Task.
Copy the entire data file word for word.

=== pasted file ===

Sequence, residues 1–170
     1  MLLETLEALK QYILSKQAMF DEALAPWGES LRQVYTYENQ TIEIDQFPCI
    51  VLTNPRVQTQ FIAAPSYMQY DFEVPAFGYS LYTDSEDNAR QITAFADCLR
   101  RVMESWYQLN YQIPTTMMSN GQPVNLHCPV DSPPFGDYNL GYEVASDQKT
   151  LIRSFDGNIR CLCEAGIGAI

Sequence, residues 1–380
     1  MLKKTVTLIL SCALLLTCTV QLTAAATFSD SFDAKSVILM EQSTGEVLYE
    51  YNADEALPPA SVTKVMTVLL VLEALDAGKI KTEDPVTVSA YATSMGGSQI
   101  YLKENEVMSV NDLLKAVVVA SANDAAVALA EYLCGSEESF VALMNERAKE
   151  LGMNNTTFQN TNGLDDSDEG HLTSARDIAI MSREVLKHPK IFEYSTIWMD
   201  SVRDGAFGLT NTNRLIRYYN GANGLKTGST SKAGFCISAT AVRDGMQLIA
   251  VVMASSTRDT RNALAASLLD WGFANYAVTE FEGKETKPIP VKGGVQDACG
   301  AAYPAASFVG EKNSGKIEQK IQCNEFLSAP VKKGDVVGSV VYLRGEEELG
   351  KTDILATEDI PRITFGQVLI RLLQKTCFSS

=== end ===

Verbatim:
Sequence, residues 1–170
     1  MLLETLEALK QYILSKQAMF DEALAPWGES LRQVYTYENQ TIEIDQFPCI
    51  VLTNPRVQTQ FIAAPSYMQY DFEVPAFGYS LYTDSEDNAR QITAFADCLR
   101  RVMESWYQLN YQIPTTMMSN GQPVNLHCPV DSPPFGDYNL GYEVASDQKT
   151  LIRSFDGNIR CLCEAGIGAI

Sequence, residues 1–380
     1  MLKKTVTLIL SCALLLTCTV QLTAAATFSD SFDAKSVILM EQSTGEVLYE
    51  YNADEALPPA SVTKVMTVLL VLEALDAGKI KTEDPVTVSA YATSMGGSQI
   101  YLKENEVMSV NDLLKAVVVA SANDAAVALA EYLCGSEESF VALMNERAKE
   151  LGMNNTTFQN TNGLDDSDEG HLTSARDIAI MSREVLKHPK IFEYSTIWMD
   201  SVRDGAFGLT NTNRLIRYYN GANGLKTGST SKAGFCISAT AVRDGMQLIA
   251  VVMASSTRDT RNALAASLLD WGFANYAVTE FEGKETKPIP VKGGVQDACG
   301  AAYPAASFVG EKNSGKIEQK IQCNEFLSAP VKKGDVVGSV VYLRGEEELG
   351  KTDILATEDI PRITFGQVLI RLLQKTCFSS